How Far Will The Fed Go?

Next week the Fed Funds rate is expected to be raised, for the first time in over three years. Pundits love to say the Federal Reserve is “in a corner”, implying a Hobson’s Choice between possible courses of action. This hackneyed term is being deployed again, mischaracterizing their choices.

It’s true inflation expectations have edged up – five years implied CPI is 3.4%, and ten years 2.9%. But these figures aren’t that bad – if inflation runs at 7% this year, falls to 4% next year and then returns to the Fed’s 2% long term target, that would be consistent with the 3.4% average implied by the treasury market. Moreover, the Personal Consumption Expenditures (PCE) deflator which is the Fed’s chosen metric typically runs 0.25% or so below CPI. Although inflation is 7.9%, the FOMC can interpret long-run expectations as well contained.

Higher crude oil is both a constraint on consumer spending and a boost to inflation. These factors prescribe opposite pressures on monetary policy – higher oil works like a tax hike without the corresponding improvement in our fiscal balance. Leaning hard against current inflation makes less sense when energy prices are already tempering disposable incomes.

The justification for monetary accommodation receded long ago, and the FOMC will want to get back to neutral probably at the pace implied by eurodollar futures – reaching 2% in a year or so.

The interesting question is in which direction is this forecast vulnerable? Goldman Sachs puts the odds of a recession by next year at 20-35%, which they calculate is the odds implied by the yield curve. The market’s priced for the Fed to modestly over-tighten by the end of next year, causing them to reverse course.

The bond market is being tugged between these two opposing forces – increased odds of recession and rising inflation.

Although crude oil fell last week, the supply shock to a broad range of commodities caused by Russia’s invasion looks set to persist. It’s hard to envisage a scenario in Ukraine that will restore Russia’s trading links with much of the world. Regardless of the military outcome, diversity of supply is now a pillar of European energy security and probably food security too.

As commodity prices continue to reflect tight markets, recession odds and inflation will both increase.

For an FOMC attuned to “transitory” explanations for elevated inflation, there is a long list of candidates, even if chair Jay Powell has officially retired the adjective. Supply constraints as consumption of goods rebounded faster than services was the original one. Putin’s gas price hike is another that White House press secretary Jenn Psaki has coined. Tighter monetary policy isn’t much help there.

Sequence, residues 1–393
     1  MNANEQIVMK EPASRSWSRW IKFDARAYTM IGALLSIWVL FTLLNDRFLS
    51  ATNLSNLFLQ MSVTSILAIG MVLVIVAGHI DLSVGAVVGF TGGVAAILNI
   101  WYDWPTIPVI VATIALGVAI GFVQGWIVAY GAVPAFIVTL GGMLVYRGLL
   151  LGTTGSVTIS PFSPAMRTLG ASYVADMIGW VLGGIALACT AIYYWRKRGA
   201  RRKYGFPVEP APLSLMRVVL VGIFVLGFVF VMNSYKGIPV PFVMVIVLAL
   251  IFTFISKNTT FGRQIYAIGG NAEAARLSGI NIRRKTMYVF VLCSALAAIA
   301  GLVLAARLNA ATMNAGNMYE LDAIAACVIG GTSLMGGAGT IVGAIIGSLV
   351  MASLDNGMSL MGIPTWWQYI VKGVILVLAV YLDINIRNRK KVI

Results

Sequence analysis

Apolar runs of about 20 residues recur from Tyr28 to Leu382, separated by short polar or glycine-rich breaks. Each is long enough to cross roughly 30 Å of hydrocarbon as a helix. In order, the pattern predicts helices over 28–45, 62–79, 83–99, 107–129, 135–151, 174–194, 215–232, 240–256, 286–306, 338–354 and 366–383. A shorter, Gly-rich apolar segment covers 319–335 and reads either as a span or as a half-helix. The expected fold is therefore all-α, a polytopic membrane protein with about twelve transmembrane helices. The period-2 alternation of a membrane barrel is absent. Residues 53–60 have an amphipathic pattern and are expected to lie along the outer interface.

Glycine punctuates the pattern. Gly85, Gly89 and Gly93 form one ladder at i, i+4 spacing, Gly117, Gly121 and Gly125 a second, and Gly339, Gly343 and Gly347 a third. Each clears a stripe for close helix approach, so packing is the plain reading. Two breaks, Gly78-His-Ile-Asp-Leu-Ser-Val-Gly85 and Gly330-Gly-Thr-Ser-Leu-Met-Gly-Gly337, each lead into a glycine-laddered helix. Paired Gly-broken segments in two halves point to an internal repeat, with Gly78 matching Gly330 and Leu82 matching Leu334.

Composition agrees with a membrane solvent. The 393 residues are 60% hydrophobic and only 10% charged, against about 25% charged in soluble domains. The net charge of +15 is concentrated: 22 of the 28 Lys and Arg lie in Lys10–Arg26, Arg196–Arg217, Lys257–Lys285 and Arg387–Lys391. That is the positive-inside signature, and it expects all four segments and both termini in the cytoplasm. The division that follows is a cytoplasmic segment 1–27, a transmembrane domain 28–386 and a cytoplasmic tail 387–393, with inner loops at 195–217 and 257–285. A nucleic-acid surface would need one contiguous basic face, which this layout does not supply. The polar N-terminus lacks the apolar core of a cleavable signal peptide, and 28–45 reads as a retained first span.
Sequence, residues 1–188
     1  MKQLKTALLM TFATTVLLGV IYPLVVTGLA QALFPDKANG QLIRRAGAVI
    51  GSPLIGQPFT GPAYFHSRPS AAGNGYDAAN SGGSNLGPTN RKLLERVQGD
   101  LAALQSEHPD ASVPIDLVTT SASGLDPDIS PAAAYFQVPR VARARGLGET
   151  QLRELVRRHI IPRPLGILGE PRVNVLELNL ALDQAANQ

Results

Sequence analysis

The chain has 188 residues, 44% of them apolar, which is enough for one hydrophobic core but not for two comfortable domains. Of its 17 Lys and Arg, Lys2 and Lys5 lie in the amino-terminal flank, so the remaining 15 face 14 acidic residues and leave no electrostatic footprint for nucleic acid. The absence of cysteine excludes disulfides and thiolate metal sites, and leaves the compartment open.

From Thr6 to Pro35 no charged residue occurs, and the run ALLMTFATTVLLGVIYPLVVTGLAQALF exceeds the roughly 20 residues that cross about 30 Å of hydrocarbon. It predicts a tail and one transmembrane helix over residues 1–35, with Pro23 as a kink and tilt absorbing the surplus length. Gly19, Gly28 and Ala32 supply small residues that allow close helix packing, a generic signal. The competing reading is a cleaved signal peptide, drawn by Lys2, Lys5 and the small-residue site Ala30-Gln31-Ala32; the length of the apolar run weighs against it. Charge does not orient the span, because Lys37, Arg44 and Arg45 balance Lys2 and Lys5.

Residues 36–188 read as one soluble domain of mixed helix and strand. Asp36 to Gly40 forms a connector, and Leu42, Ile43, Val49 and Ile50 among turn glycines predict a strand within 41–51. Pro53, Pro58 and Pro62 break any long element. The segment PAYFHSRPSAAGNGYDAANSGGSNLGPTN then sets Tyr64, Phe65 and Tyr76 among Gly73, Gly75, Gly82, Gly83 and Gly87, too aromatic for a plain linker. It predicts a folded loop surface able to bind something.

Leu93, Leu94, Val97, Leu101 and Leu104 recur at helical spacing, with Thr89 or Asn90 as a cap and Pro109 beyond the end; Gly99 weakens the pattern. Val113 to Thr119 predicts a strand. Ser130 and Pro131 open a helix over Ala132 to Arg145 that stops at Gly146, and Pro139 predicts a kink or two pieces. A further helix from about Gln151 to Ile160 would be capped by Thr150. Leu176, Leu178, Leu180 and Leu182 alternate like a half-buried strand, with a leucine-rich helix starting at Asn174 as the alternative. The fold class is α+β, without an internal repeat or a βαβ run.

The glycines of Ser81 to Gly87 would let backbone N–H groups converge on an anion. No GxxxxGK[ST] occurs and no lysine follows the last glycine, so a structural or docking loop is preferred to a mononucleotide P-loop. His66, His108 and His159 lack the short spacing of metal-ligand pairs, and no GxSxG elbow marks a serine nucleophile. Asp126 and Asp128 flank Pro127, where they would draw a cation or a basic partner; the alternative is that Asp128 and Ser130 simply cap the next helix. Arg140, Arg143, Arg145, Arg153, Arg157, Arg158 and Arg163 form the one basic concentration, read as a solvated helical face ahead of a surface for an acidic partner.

The energy transition is inflationary – properly executed it means energy will cost more without doing more. Administration policy has been to discourage new supply of traditional energy, which was already pushing prices higher before Putin provided another shove. If Russia’s isolation from global trade continues for many months, which seems likely, this will dominate the narrative around energy inflation.

Then there’s Owners’ Equivalent Rent (OER), the deeply flawed estimate of the cost of shelter based on survey responses measuring what homeowners think they could rent their house for (see Why You Shouldn’t Expect A Return To 2% Inflation). This metric lagged the strong housing market that followed Covid, providing the BLS economists who publish it and the FOMC to ignore what American home buyers experienced.

OER does tend to track the Case Shiller index over the long run, and has recently been trending higher (+4.3% year-on-year). Surveyed homeowners are belatedly reflecting the strong housing market by demanding more theoretical rent from their hypothetical tenants. Having ignored the housing market, as OER pushed up measured inflation the FOMC could dismiss it as a non-cash expense. It would be bizarre for monetary policy to be influenced by OER – it never has been. Housing bubbles have never induced higher short term rates, and there’s no reason to expect OER to either.

OER is another item on the list of inflation that can be tolerated. Having dropped “transitory” look out for “ephemeral” or “impermanent” as replacement adjectives.

The yield curve can be interpreted as the market’s way of grading the Fed. Too steep suggests they’re allowing too much inflation. Inversion suggests policy is too tight. They want to get back to neutral, which is 2.5% although 2% would be close enough. Given this FOMC’s full employment bias and inflation risk tolerance, we’re only ever one weak payroll report away from the market repricing to a slower pace of policy normalization.

Eurodollar futures suggest a cycle peak late next year. The impact of Russia’s invasion has been to shift the neutral rate higher and increase the odds of an overshoot. If the FOMC ever finds themselves contemplating a rate hike when the market is priced for it to be their last, many members will be find reasons to demur. This is why ten year inflation expectations should continue moving up. Portfolios should be structured accordingly.

We have three funds that seek to profit from this environment:

Energy Mutual Fund

Energy ETF

Inflation Fund

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